https://www.psychiatry.org/psychiatrists/practice/dsm/dsm-5/online-assessment-measures
https://www.psychiatry.org/psychiatrists/practice/dsm/dsm-5/online-assessment-measures

“share” a code. As of October 2016 the CMS has alerted providers to use: F42.2 for OCD and to use F42.3 for Hoarding Disorder.

HOW TO LIST MULTIPLE CODES Agencies and Insurance Carriers are allowed to use their own forms (within limits) for billing. Formal diagnosis in DSM-5 combines Axes I, II, and III into one list that contains all relevant mental disorders, including personality disorders, disabilities, as well as other relevant medical diagnoses. DSM-5 also expands the psychosocial stressors that a patient might be experiencing. These are now called “Other conditions that are a focus of treatment” and most of them begin with the letter “Z.” These conditions which are critical to psycho-social treatment (formerly known as the “V-codes” are found on page 715 in the manual. In a diagnostic list, always List the Principal diagnosis first (the reason for the visit if in an outpatient setting). Other mental health co-morbid diagnoses will follow in order of priority to the treatment or focus of attention.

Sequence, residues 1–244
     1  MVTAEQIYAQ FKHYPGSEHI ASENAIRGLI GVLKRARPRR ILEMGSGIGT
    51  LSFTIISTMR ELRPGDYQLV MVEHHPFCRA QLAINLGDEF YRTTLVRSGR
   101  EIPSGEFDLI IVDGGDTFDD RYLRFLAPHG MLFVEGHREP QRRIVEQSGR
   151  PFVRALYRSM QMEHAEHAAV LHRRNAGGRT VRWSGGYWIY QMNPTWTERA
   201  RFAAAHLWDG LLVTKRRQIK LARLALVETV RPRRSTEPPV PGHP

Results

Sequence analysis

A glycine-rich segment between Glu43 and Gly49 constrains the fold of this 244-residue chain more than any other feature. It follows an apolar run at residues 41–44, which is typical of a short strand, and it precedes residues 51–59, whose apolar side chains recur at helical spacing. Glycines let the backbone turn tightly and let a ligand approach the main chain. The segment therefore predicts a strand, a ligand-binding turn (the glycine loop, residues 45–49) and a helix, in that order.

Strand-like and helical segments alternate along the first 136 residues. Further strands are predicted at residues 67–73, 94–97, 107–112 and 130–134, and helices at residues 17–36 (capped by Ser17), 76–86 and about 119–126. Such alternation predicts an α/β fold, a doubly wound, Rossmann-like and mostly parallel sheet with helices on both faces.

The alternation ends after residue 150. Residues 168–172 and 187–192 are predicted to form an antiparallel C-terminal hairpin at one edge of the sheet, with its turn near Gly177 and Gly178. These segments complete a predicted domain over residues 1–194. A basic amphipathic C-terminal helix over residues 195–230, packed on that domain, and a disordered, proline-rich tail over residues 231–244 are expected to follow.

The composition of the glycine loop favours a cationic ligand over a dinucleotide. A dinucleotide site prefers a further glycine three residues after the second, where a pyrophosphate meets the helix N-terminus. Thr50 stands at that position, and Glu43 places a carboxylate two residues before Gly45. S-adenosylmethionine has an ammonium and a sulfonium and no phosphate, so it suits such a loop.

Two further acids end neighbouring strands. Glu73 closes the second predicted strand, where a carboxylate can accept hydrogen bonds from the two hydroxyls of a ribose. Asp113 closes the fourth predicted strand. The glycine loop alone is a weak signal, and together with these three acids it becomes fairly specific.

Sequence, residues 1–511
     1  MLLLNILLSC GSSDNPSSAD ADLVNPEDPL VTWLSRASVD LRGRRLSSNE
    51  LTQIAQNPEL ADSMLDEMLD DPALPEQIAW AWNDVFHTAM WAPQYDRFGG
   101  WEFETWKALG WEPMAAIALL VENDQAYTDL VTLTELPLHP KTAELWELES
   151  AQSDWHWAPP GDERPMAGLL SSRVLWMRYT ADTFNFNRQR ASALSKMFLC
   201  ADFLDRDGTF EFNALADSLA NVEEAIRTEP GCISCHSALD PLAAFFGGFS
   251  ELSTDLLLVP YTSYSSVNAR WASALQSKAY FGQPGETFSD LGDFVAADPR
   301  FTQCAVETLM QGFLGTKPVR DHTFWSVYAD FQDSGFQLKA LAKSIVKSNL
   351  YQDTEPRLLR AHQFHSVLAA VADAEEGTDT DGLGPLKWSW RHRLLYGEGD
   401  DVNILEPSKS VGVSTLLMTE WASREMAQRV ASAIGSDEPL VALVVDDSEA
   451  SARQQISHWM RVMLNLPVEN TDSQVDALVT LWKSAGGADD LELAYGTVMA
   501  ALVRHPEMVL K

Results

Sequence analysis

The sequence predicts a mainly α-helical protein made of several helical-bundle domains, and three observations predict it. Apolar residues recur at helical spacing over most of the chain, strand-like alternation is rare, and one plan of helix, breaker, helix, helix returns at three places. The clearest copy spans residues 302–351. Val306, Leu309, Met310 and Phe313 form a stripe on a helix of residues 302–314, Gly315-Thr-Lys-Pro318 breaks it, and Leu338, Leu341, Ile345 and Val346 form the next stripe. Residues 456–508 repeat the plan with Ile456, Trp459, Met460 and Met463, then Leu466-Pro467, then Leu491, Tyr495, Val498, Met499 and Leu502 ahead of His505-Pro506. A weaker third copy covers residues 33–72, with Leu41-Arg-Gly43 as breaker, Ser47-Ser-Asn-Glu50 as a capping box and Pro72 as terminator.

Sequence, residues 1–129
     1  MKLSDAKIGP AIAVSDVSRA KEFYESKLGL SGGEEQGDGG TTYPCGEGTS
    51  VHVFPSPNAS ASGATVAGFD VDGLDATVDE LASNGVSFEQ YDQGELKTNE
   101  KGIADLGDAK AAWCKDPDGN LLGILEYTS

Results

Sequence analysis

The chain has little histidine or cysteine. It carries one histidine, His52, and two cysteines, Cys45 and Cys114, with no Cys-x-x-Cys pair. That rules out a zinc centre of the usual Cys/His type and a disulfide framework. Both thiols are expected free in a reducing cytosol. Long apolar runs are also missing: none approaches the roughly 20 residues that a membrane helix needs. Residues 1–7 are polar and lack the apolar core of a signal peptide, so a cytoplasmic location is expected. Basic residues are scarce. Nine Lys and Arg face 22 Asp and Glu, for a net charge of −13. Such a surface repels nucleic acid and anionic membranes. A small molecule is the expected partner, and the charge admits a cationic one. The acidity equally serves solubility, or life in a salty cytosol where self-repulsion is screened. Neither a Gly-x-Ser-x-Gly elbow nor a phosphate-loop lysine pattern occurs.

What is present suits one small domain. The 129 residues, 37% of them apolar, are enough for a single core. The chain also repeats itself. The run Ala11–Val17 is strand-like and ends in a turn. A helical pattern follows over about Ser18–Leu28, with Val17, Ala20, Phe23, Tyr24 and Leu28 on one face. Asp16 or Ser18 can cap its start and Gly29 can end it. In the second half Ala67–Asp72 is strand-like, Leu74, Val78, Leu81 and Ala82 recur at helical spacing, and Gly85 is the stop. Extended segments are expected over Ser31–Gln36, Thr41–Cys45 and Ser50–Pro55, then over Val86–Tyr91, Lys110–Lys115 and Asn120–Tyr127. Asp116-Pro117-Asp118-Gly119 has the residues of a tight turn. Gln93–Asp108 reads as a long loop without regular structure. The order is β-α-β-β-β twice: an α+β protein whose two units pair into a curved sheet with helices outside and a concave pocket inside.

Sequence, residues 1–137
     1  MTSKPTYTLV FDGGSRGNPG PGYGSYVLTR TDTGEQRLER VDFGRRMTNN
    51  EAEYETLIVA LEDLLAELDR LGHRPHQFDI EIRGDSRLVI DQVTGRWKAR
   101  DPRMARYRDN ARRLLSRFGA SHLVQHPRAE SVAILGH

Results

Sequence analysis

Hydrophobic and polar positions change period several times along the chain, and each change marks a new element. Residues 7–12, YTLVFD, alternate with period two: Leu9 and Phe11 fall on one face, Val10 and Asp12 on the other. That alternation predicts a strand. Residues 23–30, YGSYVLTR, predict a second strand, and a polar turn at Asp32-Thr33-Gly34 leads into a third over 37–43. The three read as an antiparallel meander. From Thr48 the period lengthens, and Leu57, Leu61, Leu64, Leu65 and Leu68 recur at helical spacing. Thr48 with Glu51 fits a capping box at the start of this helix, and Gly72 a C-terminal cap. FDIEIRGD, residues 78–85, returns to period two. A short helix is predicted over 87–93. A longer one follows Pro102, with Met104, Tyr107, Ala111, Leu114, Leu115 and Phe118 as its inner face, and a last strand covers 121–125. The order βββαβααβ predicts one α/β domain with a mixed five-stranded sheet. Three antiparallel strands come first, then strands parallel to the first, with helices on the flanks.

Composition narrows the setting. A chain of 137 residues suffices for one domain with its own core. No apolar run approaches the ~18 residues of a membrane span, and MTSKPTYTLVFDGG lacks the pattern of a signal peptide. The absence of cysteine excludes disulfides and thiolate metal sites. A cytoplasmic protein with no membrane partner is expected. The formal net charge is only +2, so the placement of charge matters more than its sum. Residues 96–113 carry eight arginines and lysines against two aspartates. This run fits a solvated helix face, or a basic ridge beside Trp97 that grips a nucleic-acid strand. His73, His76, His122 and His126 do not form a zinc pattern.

1. RULE A: Here is a diagnosis list where our client has a mental disorder as the reason for the visit, with an additional medical condition unrelated to the mental disorder diagnosis. OTHER psychosocial factors relevant to the service are listed after mental health conditions and physical conditions:

• F40.00 Agoraphobia • K7030 Alcoholic cirrhosis of liver without ascites (by patient report) • Z60.3 Acculturation difficulty • Z72.0 Tobacco use disorder, mild (nicotine use)